History of Language Research–General Linguistics, Generative Grammar, and Cognitive Linguistics


Hello, I am Hisanori Iijima. In this issue, I would like to introduce the history of linguistics. The history of linguistics is said to have been studied since the time of Socrates in ancient times.

It has been more than 2,000 years since then. “General Linguistics” started by Saussure, “Generative Grammar” started by Noam Chomsky, an American linguist who revolutionized the world of linguistics, and “Cognitive Linguistics” which emerged as the antithesis of Generative Grammar. Cognitive Linguistics,” which emerged as the antithesis of Generative Grammar, will be explained in general terms.

General Linguistics(by Saussure)

General linguistics, also known as theoretical linguistics, seeks to describe and explain the nature of language as a universal human phenomenon. It is concerned with discovering general principles that underlie all languages, aiming to model what an ‘ideal’ language might look like and how it operates. Its subfields include syntax (sentence structure), phonology (sound structure), morphology (word structure), semantics (meaning), and pragmatics (context-dependent meaning).

The central questions in general linguistics involve understanding what is common to all languages, how languages change over time, how they are processed in the brain, and how children acquire their first language. By exploring these questions, general linguistics provides a broad foundation upon which other branches of linguistics, like generative and cognitive linguistics, are built.

Generative Grammar(by Chomsky)

Generative grammar, a theoretical framework for the study of linguistics, was developed by Noam Chomsky in the mid-20th century. This framework views language as an innate faculty in humans, coded in the genes, and aims to define the rules and principles that generate (hence the name) the structure of any given language.

The central idea behind generative grammar is the concept of a ‘universal grammar‘ – an inherent structure common to all human languages, which allows children to learn a language quickly and efficiently. This framework emphasizes the abstract properties of languages, mainly syntax, and often assumes that semantics and phonetics follow from syntactic structure.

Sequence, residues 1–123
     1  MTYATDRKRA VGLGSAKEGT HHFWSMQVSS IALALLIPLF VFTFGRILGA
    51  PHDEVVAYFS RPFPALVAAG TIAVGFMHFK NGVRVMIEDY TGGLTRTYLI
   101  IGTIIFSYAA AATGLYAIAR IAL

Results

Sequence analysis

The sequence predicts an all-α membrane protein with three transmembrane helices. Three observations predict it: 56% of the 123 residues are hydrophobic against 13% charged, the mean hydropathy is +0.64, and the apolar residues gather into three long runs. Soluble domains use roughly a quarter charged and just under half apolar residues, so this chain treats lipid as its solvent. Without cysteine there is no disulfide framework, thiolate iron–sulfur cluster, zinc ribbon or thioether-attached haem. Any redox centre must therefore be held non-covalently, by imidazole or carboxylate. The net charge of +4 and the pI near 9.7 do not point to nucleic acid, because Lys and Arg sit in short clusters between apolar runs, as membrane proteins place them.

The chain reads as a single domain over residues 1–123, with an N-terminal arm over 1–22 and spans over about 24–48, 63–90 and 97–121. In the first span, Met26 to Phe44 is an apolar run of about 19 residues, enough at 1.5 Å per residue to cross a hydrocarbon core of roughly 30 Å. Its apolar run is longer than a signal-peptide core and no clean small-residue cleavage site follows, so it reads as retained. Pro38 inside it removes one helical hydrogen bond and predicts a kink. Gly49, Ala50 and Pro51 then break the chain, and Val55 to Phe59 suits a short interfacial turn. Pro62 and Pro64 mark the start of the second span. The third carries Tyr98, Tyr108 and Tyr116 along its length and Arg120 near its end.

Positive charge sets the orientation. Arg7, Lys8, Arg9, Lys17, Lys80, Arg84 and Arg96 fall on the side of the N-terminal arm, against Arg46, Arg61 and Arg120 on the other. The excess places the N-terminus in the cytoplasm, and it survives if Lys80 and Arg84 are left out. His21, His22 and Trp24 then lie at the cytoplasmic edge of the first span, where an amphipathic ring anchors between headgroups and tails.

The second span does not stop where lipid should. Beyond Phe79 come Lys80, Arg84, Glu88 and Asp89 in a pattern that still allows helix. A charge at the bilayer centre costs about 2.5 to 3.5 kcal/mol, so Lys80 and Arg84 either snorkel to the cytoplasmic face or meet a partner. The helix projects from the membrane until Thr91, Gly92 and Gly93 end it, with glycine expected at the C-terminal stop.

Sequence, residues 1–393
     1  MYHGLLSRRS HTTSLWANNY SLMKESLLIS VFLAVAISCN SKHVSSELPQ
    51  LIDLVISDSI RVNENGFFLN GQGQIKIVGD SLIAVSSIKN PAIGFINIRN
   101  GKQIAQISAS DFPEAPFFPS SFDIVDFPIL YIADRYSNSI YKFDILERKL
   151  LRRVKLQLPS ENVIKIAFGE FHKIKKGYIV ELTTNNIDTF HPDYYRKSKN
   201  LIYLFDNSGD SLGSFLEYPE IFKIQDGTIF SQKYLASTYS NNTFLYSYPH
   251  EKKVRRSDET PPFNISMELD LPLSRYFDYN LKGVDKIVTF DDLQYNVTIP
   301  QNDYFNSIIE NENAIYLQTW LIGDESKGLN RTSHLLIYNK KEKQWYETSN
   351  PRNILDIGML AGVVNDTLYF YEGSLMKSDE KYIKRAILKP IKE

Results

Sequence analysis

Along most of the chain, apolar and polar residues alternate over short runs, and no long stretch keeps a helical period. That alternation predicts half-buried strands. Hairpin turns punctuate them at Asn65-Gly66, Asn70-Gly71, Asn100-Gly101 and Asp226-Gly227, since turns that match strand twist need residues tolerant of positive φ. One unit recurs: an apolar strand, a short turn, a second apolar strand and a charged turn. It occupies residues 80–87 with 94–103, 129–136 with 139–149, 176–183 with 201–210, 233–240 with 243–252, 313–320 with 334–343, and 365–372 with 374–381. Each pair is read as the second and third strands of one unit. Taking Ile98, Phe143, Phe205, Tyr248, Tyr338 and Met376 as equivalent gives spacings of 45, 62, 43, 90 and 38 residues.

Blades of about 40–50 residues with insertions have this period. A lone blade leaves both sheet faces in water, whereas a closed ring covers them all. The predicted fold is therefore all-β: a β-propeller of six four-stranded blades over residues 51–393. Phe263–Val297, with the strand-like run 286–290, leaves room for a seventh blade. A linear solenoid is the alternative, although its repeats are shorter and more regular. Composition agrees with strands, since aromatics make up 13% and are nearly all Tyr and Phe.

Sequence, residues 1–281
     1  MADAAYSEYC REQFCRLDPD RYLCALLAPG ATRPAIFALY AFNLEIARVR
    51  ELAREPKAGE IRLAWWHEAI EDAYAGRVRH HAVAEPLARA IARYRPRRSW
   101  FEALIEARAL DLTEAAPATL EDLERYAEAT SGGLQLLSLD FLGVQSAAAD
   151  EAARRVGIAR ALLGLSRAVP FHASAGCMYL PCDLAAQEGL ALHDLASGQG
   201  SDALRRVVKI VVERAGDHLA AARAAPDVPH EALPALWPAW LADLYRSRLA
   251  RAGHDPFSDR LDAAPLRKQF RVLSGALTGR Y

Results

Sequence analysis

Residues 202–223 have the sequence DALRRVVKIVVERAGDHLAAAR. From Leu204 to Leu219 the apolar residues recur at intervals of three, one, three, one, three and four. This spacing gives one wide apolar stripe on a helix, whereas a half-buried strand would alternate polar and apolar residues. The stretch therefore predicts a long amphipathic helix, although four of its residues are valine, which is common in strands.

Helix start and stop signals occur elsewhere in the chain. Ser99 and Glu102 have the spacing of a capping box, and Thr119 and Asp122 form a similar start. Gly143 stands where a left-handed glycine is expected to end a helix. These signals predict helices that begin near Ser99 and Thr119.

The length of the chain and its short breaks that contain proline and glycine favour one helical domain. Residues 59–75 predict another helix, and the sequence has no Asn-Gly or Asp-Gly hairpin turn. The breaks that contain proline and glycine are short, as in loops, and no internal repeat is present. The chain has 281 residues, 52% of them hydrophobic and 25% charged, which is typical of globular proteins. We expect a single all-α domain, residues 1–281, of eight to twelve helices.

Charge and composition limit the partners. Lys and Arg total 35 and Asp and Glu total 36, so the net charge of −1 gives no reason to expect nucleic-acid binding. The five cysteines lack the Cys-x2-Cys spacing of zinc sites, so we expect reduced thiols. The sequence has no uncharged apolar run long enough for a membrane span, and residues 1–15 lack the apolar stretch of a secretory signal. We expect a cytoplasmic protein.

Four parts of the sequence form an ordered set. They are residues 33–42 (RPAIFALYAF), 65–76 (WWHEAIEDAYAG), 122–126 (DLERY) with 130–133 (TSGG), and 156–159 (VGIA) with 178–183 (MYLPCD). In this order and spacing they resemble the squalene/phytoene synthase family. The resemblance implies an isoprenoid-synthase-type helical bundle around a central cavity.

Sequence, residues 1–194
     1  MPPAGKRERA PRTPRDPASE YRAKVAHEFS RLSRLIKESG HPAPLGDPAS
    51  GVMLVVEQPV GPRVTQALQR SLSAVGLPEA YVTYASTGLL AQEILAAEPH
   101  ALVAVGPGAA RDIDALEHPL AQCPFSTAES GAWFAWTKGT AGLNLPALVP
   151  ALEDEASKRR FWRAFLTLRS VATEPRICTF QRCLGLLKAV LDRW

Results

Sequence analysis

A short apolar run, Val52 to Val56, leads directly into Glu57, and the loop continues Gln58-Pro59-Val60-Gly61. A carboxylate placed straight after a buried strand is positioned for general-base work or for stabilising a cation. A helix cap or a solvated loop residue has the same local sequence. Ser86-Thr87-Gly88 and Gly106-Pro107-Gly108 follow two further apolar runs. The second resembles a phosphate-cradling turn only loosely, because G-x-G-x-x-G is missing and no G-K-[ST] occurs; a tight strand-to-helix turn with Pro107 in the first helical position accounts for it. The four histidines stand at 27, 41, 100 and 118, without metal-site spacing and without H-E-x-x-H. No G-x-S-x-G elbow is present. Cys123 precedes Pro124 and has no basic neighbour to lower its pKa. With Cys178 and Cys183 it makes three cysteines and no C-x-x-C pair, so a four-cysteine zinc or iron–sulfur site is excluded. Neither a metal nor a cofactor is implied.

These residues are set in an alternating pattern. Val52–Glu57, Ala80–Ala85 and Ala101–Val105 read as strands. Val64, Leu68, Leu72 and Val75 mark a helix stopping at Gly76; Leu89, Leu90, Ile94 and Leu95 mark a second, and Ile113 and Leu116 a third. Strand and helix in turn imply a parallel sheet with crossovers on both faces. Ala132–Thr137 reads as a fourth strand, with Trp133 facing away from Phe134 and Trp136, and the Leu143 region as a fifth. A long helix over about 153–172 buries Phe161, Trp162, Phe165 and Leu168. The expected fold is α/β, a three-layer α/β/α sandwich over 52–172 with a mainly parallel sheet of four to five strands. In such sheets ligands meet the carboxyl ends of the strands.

Generative grammar has evolved through several stages, each represented by a different model, such as transformational grammar, government and binding theory, and most recently, the minimalist program. Each model attempts to specify the rules of grammar in increasingly elegant and minimal terms.

In this context, perhaps some of you (especially those of you in the sciences) may have heard of the “Chomsky Hierarchy”. Yes, that Chomsky’s theory is the “Generative Grammar Theory”. More specifically, Chomsky’s theory is very esoteric. Therefore, there is even a Chomsky dictionary on the market! LOL. Well, it is difficult!

Cognitive Linguistics(by Lakoff, Langacker)

Cognitive linguistics, on the other hand, is an approach that emerged in the late 20th century, focusing on the interaction between language and cognition. In contrast to generative grammar, cognitive linguistics denies the existence of an innate universal grammar and instead believes that language is rooted in our general cognitive abilities such as perception, attention, and memory.

Cognitive linguists see language as a tool adapted to the needs of human communication, shaped by human experience and the environment. They investigate the ways in which concepts are structured, categorized, and processed, and how these processes are reflected in language use. Key concepts in cognitive linguistics include metaphor, frame semantics, mental spaces, and conceptual blending.

One of the key areas of cognitive linguistics is cognitive semantics, which sees meaning as based on conceptualization rather than abstract symbolic relations. Another crucial area is cognitive grammar, which perceives grammar as a symbolic system that links semantic and phonological representations.


Each of these approaches to linguistics – general, generative, and cognitive – provides a unique perspective on the nature of language.

  • General linguistics gives a broad overview of the linguistic phenomenon, creating the platform for other fields to build upon.
  • Generative grammar investigates the innate, structural properties of language, emphasizing universality and innateness.
  • Cognitive linguistics, however, prioritizes the role of individual cognition and sociocultural factors in language use and acquisition.

These approaches are not mutually exclusive but rather complement each other in providing a holistic understanding of language. Language, in its complexity and ubiquity, necessitates multiple viewpoints for comprehensive analysis and understanding. The amalgamation of insights from general linguistics, generative grammar, and cognitive linguistics promises a more rounded and in-depth exploration of this uniquely human phenomenon.